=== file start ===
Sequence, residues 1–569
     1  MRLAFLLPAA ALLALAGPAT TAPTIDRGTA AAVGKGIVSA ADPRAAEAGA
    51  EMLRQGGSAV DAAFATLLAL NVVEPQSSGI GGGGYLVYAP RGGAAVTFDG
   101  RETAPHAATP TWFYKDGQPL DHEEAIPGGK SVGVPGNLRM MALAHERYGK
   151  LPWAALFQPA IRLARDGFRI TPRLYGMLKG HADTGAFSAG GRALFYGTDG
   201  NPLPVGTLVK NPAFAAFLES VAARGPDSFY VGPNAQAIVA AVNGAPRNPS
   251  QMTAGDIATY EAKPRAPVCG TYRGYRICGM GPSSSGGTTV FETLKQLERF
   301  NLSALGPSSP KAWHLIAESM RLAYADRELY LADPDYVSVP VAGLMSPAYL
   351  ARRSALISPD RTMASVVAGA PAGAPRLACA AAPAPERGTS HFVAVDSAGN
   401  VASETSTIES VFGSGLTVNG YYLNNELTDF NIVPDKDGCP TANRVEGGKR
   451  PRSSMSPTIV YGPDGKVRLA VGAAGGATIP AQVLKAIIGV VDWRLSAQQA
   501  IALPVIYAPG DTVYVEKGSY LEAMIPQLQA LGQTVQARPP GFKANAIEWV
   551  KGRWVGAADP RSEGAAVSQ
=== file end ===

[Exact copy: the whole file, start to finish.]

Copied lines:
Sequence, residues 1–569
     1  MRLAFLLPAA ALLALAGPAT TAPTIDRGTA AAVGKGIVSA ADPRAAEAGA
    51  EMLRQGGSAV DAAFATLLAL NVVEPQSSGI GGGGYLVYAP RGGAAVTFDG
   101  RETAPHAATP TWFYKDGQPL DHEEAIPGGK SVGVPGNLRM MALAHERYGK
   151  LPWAALFQPA IRLARDGFRI TPRLYGMLKG HADTGAFSAG GRALFYGTDG
   201  NPLPVGTLVK NPAFAAFLES VAARGPDSFY VGPNAQAIVA AVNGAPRNPS
   251  QMTAGDIATY EAKPRAPVCG TYRGYRICGM GPSSSGGTTV FETLKQLERF
   301  NLSALGPSSP KAWHLIAESM RLAYADRELY LADPDYVSVP VAGLMSPAYL
   351  ARRSALISPD RTMASVVAGA PAGAPRLACA AAPAPERGTS HFVAVDSAGN
   401  VASETSTIES VFGSGLTVNG YYLNNELTDF NIVPDKDGCP TANRVEGGKR
   451  PRSSMSPTIV YGPDGKVRLA VGAAGGATIP AQVLKAIIGV VDWRLSAQQA
   501  IALPVIYAPG DTVYVEKGSY LEAMIPQLQA LGQTVQARPP GFKANAIEWV
   551  KGRWVGAADP RSEGAAVSQ